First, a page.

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Old 28th February 2018, 11:29 AM   #1
Arjuna
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Default Warangka for identification

Hi!
Like to ask you about this as I think mixed Keris with a
Bali blade and a Java janggelan Hilt.

Would be interested where from the silver mounted Warangka could be,
style is unknown to me (Sumatra?).

Thank you!
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Old 28th February 2018, 06:09 PM   #2
David
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I was hoping someone else mighty have some answers for you by now, but i'll add my own observations for what they are worth. This does indeed seem to be a very mixed bag of cultural styles and i would only be guessing at how or why they came together. The sheath itself seems to be a bit of an enigma in and of itself. It is not expertly carved and does not seem to quite fit into styles i am familiar with. But sheaths do sometimes get carved by the people less skilled and knowledgeable of styles and often do not quite fit or hit the mold or model their maker was aiming for. The designs on the bands do not look like anything i have seen that i could say are traditional to Sumatra (or Madura or Bali).
The janggelan hilt could be East Jawa or Madura. They are technically the same, but not from elsewhere in Jawa. Same for the mendak i believe.
The blade does indeed seem to be in the style of Bali, but it raises questions for me. The wear on the blade is oddly uneven. It has very sharp features at the lambe gajah, greneng and front edge of the pejetan, but there is much greater deterioration along the blade's edge, especially towards the tip. What would cause such uneven erosion on a blade such as this? There is also that diagonal feature near the tip of the gonjo which i don't believe i've seen on Bali keris before. So i wonder if this is not of more recent, perhaps Madurese, manufacture and artificially aged.
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Old 28th February 2018, 07:24 PM   #3
A. G. Maisey
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I'm pretty much with David on this keris. In short:- I do not know with any certainty where it originated.

Comments on component parts:-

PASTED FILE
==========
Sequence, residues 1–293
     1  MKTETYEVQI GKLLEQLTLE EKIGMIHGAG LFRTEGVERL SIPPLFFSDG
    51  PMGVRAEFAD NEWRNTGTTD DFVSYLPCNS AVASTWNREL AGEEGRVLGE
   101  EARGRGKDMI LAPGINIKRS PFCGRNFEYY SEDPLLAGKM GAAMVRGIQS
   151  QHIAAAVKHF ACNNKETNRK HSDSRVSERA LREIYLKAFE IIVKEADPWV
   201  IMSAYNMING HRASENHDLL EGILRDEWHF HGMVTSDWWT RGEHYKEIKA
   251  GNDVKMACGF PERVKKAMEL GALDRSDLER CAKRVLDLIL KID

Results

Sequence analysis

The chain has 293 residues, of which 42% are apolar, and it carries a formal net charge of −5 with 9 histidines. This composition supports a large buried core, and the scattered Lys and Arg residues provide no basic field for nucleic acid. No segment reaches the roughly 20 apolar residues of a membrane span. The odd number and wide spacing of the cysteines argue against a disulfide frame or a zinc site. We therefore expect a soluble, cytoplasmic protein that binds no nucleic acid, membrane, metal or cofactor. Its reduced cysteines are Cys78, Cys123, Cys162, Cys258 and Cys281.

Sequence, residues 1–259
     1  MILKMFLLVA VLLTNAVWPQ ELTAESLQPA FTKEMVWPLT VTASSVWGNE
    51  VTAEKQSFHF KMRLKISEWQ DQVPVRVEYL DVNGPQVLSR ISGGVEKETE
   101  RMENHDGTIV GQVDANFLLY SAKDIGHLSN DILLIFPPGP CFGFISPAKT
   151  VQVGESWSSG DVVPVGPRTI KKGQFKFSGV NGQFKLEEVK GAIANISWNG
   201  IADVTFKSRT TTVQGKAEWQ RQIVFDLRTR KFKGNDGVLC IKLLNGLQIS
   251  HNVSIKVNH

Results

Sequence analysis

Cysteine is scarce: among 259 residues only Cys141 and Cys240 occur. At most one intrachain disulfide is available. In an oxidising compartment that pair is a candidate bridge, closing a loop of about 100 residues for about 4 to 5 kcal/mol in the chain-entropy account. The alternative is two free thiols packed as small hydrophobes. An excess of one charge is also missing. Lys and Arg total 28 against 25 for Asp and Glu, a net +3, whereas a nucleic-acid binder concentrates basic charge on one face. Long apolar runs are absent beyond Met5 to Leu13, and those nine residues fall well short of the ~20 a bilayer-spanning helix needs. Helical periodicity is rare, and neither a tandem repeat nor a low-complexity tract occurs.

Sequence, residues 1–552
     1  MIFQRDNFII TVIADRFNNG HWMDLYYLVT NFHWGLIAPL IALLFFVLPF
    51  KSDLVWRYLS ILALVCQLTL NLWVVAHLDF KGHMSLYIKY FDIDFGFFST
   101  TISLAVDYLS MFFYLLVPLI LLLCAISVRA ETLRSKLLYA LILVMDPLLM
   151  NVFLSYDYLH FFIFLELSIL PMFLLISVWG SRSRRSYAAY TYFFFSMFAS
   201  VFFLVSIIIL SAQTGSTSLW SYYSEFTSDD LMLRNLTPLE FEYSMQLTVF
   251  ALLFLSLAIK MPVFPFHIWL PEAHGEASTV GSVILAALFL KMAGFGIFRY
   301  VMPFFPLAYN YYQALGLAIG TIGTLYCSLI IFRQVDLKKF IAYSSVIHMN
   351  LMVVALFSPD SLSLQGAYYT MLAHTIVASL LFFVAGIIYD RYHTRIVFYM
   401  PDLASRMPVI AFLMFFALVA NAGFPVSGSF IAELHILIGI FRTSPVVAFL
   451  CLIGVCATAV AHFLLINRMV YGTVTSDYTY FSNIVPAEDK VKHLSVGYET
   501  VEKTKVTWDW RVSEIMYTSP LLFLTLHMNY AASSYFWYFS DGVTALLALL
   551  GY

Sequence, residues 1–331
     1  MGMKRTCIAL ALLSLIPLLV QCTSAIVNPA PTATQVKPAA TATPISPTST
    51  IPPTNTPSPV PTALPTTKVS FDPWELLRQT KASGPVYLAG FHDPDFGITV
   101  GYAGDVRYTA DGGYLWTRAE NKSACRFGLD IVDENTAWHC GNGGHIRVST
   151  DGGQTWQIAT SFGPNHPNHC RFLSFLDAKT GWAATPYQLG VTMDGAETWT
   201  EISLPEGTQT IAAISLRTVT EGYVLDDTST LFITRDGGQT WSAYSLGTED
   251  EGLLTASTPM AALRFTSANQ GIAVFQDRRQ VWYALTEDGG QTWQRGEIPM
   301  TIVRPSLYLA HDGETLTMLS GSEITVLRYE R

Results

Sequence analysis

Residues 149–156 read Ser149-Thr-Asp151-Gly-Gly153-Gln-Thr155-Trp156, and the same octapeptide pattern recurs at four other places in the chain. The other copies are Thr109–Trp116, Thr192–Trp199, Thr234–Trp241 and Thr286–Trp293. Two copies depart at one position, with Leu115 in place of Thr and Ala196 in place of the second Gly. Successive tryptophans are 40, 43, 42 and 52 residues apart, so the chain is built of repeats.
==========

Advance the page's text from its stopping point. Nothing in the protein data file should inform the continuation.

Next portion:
Hilt:- East Jawa/ Madura
Mendak:- East Jawa/Madura
Gambar:- not the work of a tukang wrongko --- incorrect grain orientation; stylistically it can be associated with Tegal and with Lombok. Absolutely no idea where it was made.
Silver (?) work on scabbard is outside keris tradition but stylistically perhaps Sumatera or Peninsula
Blade is stylistically Bali.

In respect of the pattern of blade corrosion.

This raises no questions at all with me. The edges of the blade are steel, where this steel is hardened the corrosion pattern will accelerate, what I believe I can see in these edges is a typical pattern.

The body of the blade is iron + nickel, this corrodes much more slowly than heat treated steel, I expect to see a different and much milder corrosion pattern in these areas.

Keris blades are normally only heat treated for a part of the way up the blade, this is a design feature used to prevent breakage, the keris is used to thrust, the cut is secondary, so only the tip of the blade needs to be hardened. In a Javanese blade the furthest up the blade the hardening goes is the tip of the sogokan, or its equivalent position where there is no sogokan; in many areas only the first couple of inches of the blade are hardened.

The blade only I think could originate from Klungkung, Kusamba, pre-puputan.

My guess, I emphasise "guess", is that this is a dealer's montage, very possibly put together in Singapore.
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Old 28th February 2018, 07:59 PM   #4
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Quote:
Originally Posted by A. G. Maisey
In respect of the pattern of blade corrosion.

This raises no questions at all with me. The edges of the blade are steel, where this steel is hardened the corrosion pattern will accelerate, what I believe I can see in these edges is a typical pattern.